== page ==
Four years on, the core of that curse-breaking team remains intact. Anthony Rizzo and Kris Bryant remain, as do Javy Báez, Willson Contreras, and Kyle Schwarber. That’s unlikely to last much longer. This month, Rizzo said it plainly: “This could be our last run with all our guys,” he told The Chicago Tribune. “This could be my last year. Who knows?”
Rizzo—who caught the final out of the 2016 World Series—is indeed looking at what could be his final year in Chicago. 2021 will be the second of two club-option years to close out a deal signed back in 2013; the team notably did not pursue an extension with him this winter. Báez, Schwarber, and Bryant are also due to become free agents in 2021; Contreras has free agency looming a year later. (Bryant’s failed service-time grievance would have seen him become a free agent after this season had it been successful.) But—given that the team already floated trading both Bryant and Contreras this winter, and the extent to which the Ricketts family has belabored its purported losses as owners—it’s unclear how much of that group will even remain next season. For the core that broke the curse, 2020 really could be the last hurrah.
If the Cubs spent a century as baseball’s lovable losers—well, once they weren’t losers, for a lot of fans they weren’t terribly lovable either. Gone was that pan-MLB magnanimity; instead, these were “hateable winners,” and perhaps the most loathed team in baseball—other than the Yankees, of course. As with the Warriors, the line between scrappy sweetheart and sporting villain turned out to be a thin one. For many baseball fans—perhaps especially those who had the misfortune of watching the Cubs sock their team in the eye during that electric championship year (ahem)—the interest in flying the W, or in Maddon’s kooky team bonding tactics, declined precipitously after October 2016.
Sporting villainy is a wishy-washy business—such is sports, generally, where narratives and legends and, er, arbitrary geographical opinions are often the point—but while these 2020 Cubs aren’t exactly the underdogs of yore, they’re certainly not boogeymen, either. (It probably doesn’t hurt that the Astros and their trash cans readily subsumed this year’s villain mantle.)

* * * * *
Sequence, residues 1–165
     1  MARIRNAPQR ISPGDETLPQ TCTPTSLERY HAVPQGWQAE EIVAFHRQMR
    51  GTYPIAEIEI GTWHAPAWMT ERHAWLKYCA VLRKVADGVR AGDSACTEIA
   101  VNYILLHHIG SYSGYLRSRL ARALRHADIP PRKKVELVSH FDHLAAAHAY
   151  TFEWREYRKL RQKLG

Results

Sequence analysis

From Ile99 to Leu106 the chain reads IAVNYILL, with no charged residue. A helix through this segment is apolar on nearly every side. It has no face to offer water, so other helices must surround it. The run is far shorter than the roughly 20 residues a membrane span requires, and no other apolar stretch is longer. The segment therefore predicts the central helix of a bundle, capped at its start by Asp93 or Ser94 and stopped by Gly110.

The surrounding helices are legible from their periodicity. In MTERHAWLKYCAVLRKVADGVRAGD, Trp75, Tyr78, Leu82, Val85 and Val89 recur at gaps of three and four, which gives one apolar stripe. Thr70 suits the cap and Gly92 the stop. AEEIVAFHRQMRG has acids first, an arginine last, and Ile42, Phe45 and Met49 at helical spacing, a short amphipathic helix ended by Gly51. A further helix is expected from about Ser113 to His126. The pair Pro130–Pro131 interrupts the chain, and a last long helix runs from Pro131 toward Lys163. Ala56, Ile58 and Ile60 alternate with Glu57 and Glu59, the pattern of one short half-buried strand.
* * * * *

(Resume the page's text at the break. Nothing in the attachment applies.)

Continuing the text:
The 2020 Cubs once again lead the NL Central; even after dropping two games to the red-hot White Sox over the weekend, their 18-10 record leaves them with the second-best mark in the National League, behind only the Dodgers. At the midway point of the shortened 2020 season, the Cubs are dominant; Yu Darvish—who gave up a single run over seven innings against the White Sox on Sunday—is currently third in ERA and first in WAR among pitchers in the National League and is arguably the front-runner for the NL Cy Young.
But if the 2016 team was a freight train, this squad is something else: it sits slightly above average in ERA and runs allowed (13th and tied for ninth), and is underwhelming in batting average and OPS (24th and 17th). These Cubs—with the Maddon gimmicks traded in for the camaraderie of a former teammate—are greater than the sum of their parts. If this really is it for a team that will go down in baseball history, you could do worse than tagging along for the fun.